Although all of the on-going events of 2020 seem to keep us all glued to our computers, some of us are venturing back out into the world with our smart phones in hand. Being in the legal industry, it’s not always prudent to open your inbox to send an email to someone. Of course, being summer, you could be feeling brave and venturing forth after a long stretch of cabin fever and simply in an area where you don’t have data and can’t access your email…but you can send and receive texts because you still have cell service.
Whether you’re in a situation where it’s unwise to open your inbox or you’re in an area where you just don’t have data, there’s a work around. Many cell phone companies allow users to send and receive an email as a text message. Yes, it does sound like something ancient that no one really does or needs to know how to do, but being in the legal industry, knowing how to send an email as a text can be beneficial.
How to Send an Email as a Text Message (SMS or MMS)
The good news is that it’s a very simple process (and, yes, you can even reverse the process and send a text message via email!).
Open the texting window on your phone. In the To field, enter the email address where you would usually put in the phone number. Then, write your message. You can attach videos, images, etc., just like you would if you were sending a text or email. If it is text only, it is an SMS. Of course, depending on your carrier and the size of the file (including if it is text only), it may be converted to MMS.
Also, depending on your carrier, you could be charged for sending the message if you don’t have some kind of unlimited plan. While most of us do have an unlimited plan, there are a few newer carriers that have reverted to “stop paying for stuff you don’t use” type plans. So, check with your plan before doing this if that’s the type of carrier you now use.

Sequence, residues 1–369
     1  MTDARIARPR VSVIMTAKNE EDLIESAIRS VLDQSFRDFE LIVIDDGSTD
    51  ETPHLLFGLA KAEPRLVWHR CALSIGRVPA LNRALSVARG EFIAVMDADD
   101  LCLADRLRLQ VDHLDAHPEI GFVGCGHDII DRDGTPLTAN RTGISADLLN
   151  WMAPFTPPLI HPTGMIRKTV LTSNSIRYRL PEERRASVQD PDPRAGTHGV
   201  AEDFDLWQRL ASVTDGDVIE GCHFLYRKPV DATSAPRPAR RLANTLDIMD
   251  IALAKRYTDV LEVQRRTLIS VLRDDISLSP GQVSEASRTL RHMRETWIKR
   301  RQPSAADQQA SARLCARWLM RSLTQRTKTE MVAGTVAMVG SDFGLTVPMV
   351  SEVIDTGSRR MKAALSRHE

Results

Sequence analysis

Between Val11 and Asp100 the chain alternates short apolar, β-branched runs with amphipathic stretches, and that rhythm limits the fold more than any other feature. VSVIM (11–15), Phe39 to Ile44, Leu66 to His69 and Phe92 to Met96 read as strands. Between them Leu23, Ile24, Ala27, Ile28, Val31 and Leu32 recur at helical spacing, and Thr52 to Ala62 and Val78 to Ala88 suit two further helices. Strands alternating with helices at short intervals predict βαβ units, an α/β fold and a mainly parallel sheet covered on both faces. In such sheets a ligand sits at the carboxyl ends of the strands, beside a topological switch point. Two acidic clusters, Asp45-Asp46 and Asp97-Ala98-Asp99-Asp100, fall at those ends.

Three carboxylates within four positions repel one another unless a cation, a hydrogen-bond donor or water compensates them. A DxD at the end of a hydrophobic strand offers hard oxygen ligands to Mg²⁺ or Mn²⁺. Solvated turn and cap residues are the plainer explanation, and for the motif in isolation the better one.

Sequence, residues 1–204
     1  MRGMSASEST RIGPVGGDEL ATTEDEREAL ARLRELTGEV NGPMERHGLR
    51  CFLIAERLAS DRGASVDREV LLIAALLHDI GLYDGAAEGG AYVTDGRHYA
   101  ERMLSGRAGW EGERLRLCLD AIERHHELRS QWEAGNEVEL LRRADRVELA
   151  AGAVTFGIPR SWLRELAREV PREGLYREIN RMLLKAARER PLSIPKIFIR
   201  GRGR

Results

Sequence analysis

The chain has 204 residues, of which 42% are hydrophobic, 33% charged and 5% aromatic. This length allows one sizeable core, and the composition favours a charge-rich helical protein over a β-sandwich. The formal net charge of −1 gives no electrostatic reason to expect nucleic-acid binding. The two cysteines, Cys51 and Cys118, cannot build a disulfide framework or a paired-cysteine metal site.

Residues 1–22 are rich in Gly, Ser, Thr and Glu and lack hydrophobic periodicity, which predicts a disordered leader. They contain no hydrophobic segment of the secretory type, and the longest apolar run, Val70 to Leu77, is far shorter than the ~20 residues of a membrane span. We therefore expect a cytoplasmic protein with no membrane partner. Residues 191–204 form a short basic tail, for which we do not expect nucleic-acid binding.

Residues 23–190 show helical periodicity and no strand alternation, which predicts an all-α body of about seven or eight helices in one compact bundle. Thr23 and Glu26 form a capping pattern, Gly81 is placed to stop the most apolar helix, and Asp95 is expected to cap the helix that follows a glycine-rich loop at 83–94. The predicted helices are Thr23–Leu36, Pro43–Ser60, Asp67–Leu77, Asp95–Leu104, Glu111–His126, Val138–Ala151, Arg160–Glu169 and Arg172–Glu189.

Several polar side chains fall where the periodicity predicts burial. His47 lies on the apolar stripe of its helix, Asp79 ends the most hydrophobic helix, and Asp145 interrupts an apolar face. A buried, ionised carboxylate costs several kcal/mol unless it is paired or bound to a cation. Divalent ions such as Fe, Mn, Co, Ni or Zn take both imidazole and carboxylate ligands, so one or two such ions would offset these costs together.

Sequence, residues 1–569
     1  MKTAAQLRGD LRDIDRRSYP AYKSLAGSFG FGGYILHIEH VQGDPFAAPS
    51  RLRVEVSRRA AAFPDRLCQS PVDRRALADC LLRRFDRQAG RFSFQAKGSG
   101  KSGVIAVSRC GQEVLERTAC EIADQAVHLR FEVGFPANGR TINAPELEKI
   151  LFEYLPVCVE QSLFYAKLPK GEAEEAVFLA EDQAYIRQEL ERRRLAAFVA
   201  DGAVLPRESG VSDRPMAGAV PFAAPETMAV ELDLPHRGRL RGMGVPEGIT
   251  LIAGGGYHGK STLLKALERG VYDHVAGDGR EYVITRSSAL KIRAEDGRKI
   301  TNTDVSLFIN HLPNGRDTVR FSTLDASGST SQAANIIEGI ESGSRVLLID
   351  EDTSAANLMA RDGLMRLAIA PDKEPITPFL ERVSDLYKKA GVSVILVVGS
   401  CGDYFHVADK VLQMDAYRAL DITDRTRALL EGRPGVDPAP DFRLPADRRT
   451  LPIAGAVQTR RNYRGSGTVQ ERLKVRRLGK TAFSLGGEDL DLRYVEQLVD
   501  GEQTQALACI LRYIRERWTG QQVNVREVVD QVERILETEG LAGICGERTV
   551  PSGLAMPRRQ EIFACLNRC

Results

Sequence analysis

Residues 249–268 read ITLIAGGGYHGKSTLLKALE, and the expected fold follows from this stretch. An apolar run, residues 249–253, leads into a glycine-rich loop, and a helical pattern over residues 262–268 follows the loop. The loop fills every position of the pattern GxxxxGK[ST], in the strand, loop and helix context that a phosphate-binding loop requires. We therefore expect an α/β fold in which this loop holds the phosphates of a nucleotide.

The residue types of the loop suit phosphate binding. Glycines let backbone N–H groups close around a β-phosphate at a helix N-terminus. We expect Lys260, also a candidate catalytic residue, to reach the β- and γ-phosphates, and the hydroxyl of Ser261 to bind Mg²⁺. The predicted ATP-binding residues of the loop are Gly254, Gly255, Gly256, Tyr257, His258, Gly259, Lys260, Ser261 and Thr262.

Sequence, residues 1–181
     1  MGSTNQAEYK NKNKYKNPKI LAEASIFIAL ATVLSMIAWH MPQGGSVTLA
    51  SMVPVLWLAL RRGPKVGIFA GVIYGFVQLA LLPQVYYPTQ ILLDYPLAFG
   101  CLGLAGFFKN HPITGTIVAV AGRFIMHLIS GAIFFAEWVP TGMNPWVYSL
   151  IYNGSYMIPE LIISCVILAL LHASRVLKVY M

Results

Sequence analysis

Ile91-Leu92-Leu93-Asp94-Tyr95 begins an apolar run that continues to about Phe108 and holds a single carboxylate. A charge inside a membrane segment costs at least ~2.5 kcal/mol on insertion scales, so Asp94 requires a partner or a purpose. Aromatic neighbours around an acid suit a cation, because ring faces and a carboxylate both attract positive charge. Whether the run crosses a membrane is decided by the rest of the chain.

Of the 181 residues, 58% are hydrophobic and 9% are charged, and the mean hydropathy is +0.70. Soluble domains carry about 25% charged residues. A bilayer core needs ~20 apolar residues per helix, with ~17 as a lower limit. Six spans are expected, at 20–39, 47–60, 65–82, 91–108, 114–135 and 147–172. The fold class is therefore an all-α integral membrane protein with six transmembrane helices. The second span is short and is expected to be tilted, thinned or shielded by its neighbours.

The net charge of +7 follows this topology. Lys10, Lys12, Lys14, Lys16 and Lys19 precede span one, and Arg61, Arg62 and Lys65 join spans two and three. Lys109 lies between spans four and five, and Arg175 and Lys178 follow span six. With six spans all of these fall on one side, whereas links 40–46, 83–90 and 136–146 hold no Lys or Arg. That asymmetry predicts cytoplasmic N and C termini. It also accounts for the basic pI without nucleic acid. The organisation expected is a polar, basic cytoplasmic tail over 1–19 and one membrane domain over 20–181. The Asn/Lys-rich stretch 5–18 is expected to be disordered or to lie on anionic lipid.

The downside of this process is that the recipient may not see your name or phone number as the sender. They may see something that includes your carrier name or your carrier name and phone number. To minimize the confusion, I recommend that if the recipient is someone you text on a regular basis, text them first to let them you plan to send them an email as a text message. Then, they’ll expect the message.
The other downside to this method is that there is absolutely no way to change the subject line. So, it will always say No Subject.” If you really need it to have a subject, don’t use this method. However, this method does work if you absolutely need to send an email.
How to Send a Text Message from Your Email
Depending on your email carrier (but not Gmail, Gmail is not a fan; however, you can sign up for Google Voice and use it), you can send a text message from your email. To do this, you’ll need to understand how the recipient’s cell phone provider structures their cell phone emails. For example, AT&T is firstname.lastname@example.org. Since T-Mobile and Sprint had their merger approved, their structure may change. T-Mobile’s was and may be email@example.com. Sprint’s was and may be firstname.lastname@example.org. The best thing to do is to just know who the cell phone provider is and their cell phone number. Then, you can usually just call the cell phone provider to ask how it should be structured.
So, why is knowing how to do this important? Well, just like how there are spots where there is no data, there are spots where there is no cell signal…but someone still may have their laptop. So, you can still reach them. And when they reply? It will be sent to your email.
To do this, open your email. In the “To” field, enter the information as shown above. The cell phone number should not have dashes. Then write your email and send it. When the recipient receives it, the number they receive it from will begin with “10101.”
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